Author Brings F. Scott Fitzgerald to Life in Fictional Account
Posted: October 4, 2006 at 1:00 am, Last Updated: November 30, -0001 at 12:00 am
Fitzgerald lovers and Gatsby-philes were on hand Monday at the Fall for the Book Festival to hear author Caroline Preston explain how she was literally handed the premise for her third novel.
Preston had already written two novels, “Jackie By Josie” and “Lucy Crocker 2.0,” when she headed off to the Ragdale artists’ colony in Lake Forest, Chicago, in 2001 to work on her third book. She had a hundred pages of a new novel that she wasn’t very happy with and was at a loss as to what to do with it.
At Ragdale she discovered a coffee-table book published by Lake Forest College about the history of the area. One passage about a home highlighted in the book spoke of Ginevra King, the daughter of a Chicago stockbroker who was supposedly the model for Daisy Buchanan in F. Scott Fitzgerald’s classic work, “The Great Gatsby.”
Intrigued and unwilling to work on the novel at hand, Preston called the archivist at the college to get more information. She got his voicemail and left a message telling him what she was interested in despite the fact he could not call her back — Ragdale didn’t permit phones in the studios that might distract the artists from their work.
The archivist would later show up at her studio with several sources on Ginevra King — literally handing her the basis for her latest book, titled “Gatsby’s Girl.”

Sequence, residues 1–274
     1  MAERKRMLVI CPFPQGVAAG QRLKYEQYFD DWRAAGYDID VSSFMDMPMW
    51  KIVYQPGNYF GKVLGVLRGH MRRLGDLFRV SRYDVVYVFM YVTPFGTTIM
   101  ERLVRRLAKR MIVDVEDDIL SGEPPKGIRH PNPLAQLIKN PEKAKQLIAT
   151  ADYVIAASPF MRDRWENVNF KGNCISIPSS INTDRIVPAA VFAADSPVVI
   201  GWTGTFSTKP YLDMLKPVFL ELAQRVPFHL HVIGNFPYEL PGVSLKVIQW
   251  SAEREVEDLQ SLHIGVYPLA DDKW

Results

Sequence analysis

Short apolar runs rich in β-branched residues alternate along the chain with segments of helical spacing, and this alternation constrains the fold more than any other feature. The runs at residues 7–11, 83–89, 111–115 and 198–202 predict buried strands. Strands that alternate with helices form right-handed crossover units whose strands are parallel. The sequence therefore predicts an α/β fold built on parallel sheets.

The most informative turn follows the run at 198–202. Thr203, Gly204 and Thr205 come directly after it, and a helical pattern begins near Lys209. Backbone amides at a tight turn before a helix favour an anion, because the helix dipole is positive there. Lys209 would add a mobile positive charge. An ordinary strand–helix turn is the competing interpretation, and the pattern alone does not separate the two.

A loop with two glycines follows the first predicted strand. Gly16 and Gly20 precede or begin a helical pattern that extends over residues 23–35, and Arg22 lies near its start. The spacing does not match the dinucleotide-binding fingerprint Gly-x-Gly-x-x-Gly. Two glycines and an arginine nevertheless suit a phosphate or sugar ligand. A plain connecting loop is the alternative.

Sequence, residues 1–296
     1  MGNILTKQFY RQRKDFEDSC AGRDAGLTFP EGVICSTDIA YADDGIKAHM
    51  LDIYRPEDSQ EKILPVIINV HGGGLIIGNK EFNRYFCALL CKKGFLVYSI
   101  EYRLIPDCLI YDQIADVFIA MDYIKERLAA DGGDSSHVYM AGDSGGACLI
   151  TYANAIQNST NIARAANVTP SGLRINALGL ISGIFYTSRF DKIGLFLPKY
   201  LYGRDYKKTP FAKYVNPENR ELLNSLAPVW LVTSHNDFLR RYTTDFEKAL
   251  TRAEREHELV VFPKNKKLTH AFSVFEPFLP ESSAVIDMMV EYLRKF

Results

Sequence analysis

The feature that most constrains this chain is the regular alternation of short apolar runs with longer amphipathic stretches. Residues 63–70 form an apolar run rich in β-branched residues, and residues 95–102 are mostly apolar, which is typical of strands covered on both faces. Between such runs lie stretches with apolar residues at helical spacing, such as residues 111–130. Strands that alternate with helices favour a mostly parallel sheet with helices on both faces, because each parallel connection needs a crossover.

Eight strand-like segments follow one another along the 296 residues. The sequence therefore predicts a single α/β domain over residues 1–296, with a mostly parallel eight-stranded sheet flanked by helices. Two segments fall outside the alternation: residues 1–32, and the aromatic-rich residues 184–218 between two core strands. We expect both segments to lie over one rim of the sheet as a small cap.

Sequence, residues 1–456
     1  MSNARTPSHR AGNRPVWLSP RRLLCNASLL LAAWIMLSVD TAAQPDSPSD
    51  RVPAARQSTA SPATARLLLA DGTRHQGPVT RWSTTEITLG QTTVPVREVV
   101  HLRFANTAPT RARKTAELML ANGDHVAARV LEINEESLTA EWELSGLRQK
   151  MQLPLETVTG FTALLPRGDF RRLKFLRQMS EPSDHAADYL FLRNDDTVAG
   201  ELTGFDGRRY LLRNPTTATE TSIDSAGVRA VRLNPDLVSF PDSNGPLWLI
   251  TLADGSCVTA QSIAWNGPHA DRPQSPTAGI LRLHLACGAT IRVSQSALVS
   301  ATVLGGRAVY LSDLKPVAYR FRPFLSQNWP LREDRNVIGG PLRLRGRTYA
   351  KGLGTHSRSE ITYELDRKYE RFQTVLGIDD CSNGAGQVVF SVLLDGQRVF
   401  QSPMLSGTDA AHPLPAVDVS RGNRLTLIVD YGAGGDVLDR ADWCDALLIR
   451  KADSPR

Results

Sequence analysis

In “Gatsby’s Girl,” Preston provides an often humorous fictional account of the romance between a 19-year-old Fitzgerald and the 16-year-old Midwest heiress who would come to haunt his fiction. Though the romance was short-lived and mostly took place during correspondence (Fitzgerald was a sophomore at Princeton at the time), Preston takes the pair through the course of Fitzgerald’s life to their last meeting a few years before he dies.
Preston, who has a library background, spoke with excitement about finally getting access to Ginevra King’s letters in 2003 when they were donated to Princeton’s library. The obsessive Fitzgerald had her letters typed up and bound in a volume after the relationship’s demise. King had not kept any of his letters.
“You’ve invited all these ‘people’ into your life by writing about them, and they do seem to come alive for you [as a writer,]” she said. “It is fascinating to do that. When you look so in-depth into someone’s life with this kind of research, you either come to loathe them or admire them more.” Preston admits she is still a very big fan of Fitzgerald’s.
Audience members were curious about where the history and fiction diverge. Preston said that, in real life, King never read any of Fitzgerald’s work, unlike the character in her book. “She wasn’t interested,” said Preston. “And she should’ve been.”
Note: Fitzgerald scholar and Mason English professor Roger Lathbury was on hand for the reading with one of his classes and the two had the opportunity to compare notes on the author. Earlier in the day, Preston also spoke to one of the English classes that is reading “The Great Gatsby.”